The Nerd King

Home » Overanalysis » Overanalysis: Is Troll 2 the Best Movie Ever Made?

Overanalysis: Is Troll 2 the Best Movie Ever Made?

Follow The Nerd King on

Royal Archives



When people list their worst movies, one flick that always makes the list is Troll 2.  This film has it all: a horrible plot, actors who seem to think acting is saying lines as a three-year-old would read them, special effects that don’t deserve to be called special (or even passable), a musical score that often doesn’t match up with the action onscreen, an editor who liked to play games with the footage, and a number of random scenes and plot twists that make no sense at all.  In fact, the only thing it does right is to get everything wrong.  For this reason, many viewers love the film … or rather, they love to watch it and make fun of it.

But what if we’ve been looking at this movie wrong all along?  What if it was actually much better and much deeper than we gave it credit for?  What if it shows us the delusions of the protagonist’s tormented mind?

Think about it…

The main character, Joshua, is a little boy (or at least sees himself as a little boy in his delusional state), maybe seven or eight years old.  We see the world around him from his perspective, which is especially evident in the dialogue.  You don’t have to listen to the characters long before you realize that only a child could have come up with these lines.  For example, when the mother tells her son about his grandfather’s death, she says, “I know it was very difficult for you.  It was also very difficult for your father and for Holly and for me, his daughter … Grandpa Seth has remained in all our hearts, but you must banish him from your mind.”  Doesn’t that sound like a child trying to talk like an adult?  What about lines like “They’re eating her!  And then they’re going to eat me!” or my personal favorite, “We need time for some things to happen!”?  And let’s not forget various scenes that demonstrate a child’s understanding and naivety.  Most notable of these is the “love scene” that involves turning a corncob into a massive pile of popcorn by making out around it.  Along the same lines, only Joshua notices that the name of the town is goblins spelled backwards, even though such a discovery should have been obvious to everyone.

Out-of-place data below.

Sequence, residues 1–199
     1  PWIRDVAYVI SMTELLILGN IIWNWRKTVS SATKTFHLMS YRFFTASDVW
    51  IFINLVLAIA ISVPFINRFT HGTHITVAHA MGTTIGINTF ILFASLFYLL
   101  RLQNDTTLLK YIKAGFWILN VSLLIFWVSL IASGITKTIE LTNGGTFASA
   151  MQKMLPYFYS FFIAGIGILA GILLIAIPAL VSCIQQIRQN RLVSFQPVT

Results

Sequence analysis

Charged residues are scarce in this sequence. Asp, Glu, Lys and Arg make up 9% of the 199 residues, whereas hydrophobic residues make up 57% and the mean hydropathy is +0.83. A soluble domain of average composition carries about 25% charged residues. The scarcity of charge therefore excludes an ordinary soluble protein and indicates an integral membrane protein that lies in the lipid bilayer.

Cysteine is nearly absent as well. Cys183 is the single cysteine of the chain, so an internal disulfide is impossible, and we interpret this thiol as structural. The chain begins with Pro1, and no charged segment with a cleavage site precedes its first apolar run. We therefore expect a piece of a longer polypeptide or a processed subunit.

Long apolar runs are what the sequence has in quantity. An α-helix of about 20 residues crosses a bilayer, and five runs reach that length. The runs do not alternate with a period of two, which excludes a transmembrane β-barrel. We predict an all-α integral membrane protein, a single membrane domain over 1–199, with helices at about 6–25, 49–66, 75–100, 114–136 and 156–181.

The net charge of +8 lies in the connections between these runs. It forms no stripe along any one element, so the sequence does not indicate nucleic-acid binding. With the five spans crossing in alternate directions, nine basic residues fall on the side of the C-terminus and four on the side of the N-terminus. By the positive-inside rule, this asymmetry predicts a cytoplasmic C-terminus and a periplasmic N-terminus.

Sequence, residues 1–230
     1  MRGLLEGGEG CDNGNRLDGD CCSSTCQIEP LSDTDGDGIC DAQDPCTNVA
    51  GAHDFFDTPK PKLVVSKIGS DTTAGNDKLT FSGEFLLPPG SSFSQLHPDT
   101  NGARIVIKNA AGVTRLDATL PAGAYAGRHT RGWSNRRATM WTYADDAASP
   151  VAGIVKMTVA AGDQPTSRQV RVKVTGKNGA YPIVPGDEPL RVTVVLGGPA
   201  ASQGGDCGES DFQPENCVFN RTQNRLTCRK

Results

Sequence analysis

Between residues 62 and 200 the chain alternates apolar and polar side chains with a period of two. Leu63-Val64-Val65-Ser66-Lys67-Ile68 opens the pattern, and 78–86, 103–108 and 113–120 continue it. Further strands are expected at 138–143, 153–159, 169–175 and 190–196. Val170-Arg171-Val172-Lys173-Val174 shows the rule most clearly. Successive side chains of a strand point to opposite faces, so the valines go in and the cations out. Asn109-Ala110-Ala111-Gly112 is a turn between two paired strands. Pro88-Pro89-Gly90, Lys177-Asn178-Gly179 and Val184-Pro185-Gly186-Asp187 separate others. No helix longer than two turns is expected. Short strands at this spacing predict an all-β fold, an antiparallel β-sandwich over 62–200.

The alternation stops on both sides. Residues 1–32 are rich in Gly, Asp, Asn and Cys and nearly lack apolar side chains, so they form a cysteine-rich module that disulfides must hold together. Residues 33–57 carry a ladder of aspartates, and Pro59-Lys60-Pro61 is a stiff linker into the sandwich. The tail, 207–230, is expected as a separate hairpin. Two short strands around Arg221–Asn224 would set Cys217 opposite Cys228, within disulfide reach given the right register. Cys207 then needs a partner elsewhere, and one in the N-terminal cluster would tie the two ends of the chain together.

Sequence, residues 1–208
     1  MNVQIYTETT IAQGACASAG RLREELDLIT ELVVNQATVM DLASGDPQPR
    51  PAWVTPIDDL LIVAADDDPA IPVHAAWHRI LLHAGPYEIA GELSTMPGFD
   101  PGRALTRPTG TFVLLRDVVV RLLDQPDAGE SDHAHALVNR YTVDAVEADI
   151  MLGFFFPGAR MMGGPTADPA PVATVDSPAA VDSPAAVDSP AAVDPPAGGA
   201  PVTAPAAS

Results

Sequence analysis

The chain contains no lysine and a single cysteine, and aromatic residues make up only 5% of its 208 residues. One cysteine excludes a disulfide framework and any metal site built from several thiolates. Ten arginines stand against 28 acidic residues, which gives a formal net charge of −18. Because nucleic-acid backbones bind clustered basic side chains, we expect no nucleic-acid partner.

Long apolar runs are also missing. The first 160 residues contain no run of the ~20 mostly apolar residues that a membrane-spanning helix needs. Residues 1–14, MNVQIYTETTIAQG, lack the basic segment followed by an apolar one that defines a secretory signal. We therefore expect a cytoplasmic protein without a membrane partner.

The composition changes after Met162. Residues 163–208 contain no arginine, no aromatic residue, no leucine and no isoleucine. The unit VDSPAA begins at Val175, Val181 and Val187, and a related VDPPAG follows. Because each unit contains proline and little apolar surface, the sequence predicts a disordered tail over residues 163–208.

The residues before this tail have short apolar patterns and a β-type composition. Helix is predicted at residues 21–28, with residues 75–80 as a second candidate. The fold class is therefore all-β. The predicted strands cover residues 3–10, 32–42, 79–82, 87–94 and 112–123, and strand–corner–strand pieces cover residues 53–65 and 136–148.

The goblins are Joshua’s way of dealing with his own internal turmoil.  Children love fairy tales because they pit good against evil; the hero has trouble, but he always overcomes it.  Thus by externalizing his mental conflict, Joshua can cope with it and defeat it.  He most likely chooses goblins because they were from his favorite bedtime story his grandfather would tell him.  Perhaps he even sees strangers like the inhabitants of Nilbog as hostile, and therefore they become goblins in his eyes.  Through the power of magic and of good thoughts, he overcomes the fear and longing the goblins represent.

But the goblins aren’t the only element taken from fairy tales.  Grandpa Seth’s role in this film is that of the wise old mentor, a common staple of mythology.  Think of him as Obi-Wan Kenobi to Star Wars or Gandalf to The Lord of the Rings.  The wise old man guides the hero on his quest, passing along important lessons and information that will aid the hero in reaching his goal.  Occasionally, he will offer physical assistance, but he never finishes the hero’s task for him; it is up to Luke to bring balance to the Force, Frodo to destroy the Ring, and Joshua to defeat the goblins.  This mythical archetype is deeply rooted in mankind’s collective subconscious and would be even stronger for Joshua since he was raised on fairy tales.